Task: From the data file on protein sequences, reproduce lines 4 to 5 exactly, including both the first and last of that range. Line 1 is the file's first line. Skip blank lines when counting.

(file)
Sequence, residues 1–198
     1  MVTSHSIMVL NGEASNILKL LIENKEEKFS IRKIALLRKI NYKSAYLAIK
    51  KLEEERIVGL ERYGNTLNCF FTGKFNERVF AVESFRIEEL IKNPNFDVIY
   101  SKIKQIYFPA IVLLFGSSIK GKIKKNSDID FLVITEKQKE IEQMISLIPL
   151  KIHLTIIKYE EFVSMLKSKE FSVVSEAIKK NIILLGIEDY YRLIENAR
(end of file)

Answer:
   101  SKIKQIYFPA IVLLFGSSIK GKIKKNSDID FLVITEKQKE IEQMISLIPL
   151  KIHLTIIKYE EFVSMLKSKE FSVVSEAIKK NIILLGIEDY YRLIENAR